I spent nine days earlier this month touring in lowland Scotland. I was camping, so was pretty fully loaded with just over 50lbs on the bike at its heaviest, including food and water.
I live about 70 miles south of the England/Scotland border, so the first day involved just riding away from my front door and heading north through Northumberland - England's emptiest county. There are no major climbs, but the terrain is undulating enough for me to have climbed between 4000 and 5000 feet in the 83 miles I covered, and the climb to the Scottish border at Carter Bar, while not especially steep, is long enough when heavily laden. Here's the first sight of Scotland, looking North from the border. Not the sunniest of days, but it gives a fair idea of the terrain.
The Scottish border country is great for cycling, rolling countryside with plenty of quiet roads through farmland and a scattering of small towns and villages. It has plenty of history, too, having been fought over by the Scots and English throughout the later middle ages. Even when the English weren't around, the Scottish Kings were usually engaged in a largely vain attempt to bring the fiercely independent local lairds to heel, so things were pretty lively. Pretty rich, too, with a string of prosperous monastic foundations like Melrose Abbey - founded about 1150, repeatedly burned by the English, finally finished off by Henry VIII but still looking pretty good:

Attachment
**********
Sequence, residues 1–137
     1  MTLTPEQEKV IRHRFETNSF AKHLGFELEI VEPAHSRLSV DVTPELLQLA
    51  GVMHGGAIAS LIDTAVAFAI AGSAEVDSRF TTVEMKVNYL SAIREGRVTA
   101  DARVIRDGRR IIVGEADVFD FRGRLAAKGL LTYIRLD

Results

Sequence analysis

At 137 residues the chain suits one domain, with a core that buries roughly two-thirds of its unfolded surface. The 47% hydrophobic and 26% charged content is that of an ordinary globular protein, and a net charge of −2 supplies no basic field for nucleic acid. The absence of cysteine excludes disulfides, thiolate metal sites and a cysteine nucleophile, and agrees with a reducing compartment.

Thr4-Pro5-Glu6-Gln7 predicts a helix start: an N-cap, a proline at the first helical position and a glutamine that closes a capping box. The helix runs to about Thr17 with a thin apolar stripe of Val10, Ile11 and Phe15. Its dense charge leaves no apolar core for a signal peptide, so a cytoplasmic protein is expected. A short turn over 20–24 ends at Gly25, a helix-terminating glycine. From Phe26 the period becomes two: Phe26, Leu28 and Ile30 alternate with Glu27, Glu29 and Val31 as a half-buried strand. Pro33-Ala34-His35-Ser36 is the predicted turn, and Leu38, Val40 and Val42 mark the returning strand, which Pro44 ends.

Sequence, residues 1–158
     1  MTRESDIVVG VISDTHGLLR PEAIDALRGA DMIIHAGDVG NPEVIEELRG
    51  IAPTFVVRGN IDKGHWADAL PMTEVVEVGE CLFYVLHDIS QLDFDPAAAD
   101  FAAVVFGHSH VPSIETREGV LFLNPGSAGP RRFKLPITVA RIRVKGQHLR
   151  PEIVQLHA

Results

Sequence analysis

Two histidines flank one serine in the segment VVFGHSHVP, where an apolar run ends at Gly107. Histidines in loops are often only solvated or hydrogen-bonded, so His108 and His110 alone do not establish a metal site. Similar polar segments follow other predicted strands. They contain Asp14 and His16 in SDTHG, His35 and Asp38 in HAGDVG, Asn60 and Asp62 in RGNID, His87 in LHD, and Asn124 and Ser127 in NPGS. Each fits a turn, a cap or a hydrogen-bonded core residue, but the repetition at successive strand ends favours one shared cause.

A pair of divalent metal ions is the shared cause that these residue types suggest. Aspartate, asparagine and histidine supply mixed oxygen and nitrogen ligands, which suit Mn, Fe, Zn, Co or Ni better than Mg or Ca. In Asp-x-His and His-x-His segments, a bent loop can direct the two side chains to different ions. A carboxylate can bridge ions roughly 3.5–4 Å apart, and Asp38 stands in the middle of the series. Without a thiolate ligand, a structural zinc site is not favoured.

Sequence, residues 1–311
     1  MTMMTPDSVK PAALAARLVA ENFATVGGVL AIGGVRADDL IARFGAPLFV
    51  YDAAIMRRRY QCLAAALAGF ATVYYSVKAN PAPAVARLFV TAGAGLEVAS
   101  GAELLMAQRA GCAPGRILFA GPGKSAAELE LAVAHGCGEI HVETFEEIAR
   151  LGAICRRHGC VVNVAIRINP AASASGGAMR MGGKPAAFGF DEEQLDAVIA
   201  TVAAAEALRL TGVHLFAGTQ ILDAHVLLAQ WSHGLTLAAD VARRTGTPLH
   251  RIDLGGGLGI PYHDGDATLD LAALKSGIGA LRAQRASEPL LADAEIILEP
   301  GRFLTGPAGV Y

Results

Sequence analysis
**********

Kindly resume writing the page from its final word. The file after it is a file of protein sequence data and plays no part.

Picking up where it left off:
Here's another angle:
I spent my first night in Melrose, which is a charming little town of, I guess, about 2000 people. I can recommend the Burt Hotel for dinner - it's the first white building on the left.
On days two to eight I did a loop of about 500 miles through Edinburgh, Fife and Perthshire - the furthest North I went was Pitlochry before turning for home. A great time - as usual when touring in Scotland - but I won't bore you with the details beyond a few more photos that give a general flavour of the territory.
The Tay road bridge (great to cycle across) looking North towards Dundee:
A fairly typical view, this one taken just before starting a pretty fast descent into Perth.
The river Tay again, this time flowing through Perth - which is another charming town, as you can see.
Incidentally, at various points on this route I was either on or intersecting with route 1 of the national cycling network. This is a well-signposted cycle route, mainly on quiet roads, that stretches all the way from Dover in the South-East corner of England to the very tip of Northern Scotland at John O'Groats - and on to the Shetland islands, if you want to board a ferry. There are an increasing number of these national routes, many of them go through extremely beautiful country. Anyone thinking of touring in the UK should check them out via the linked website.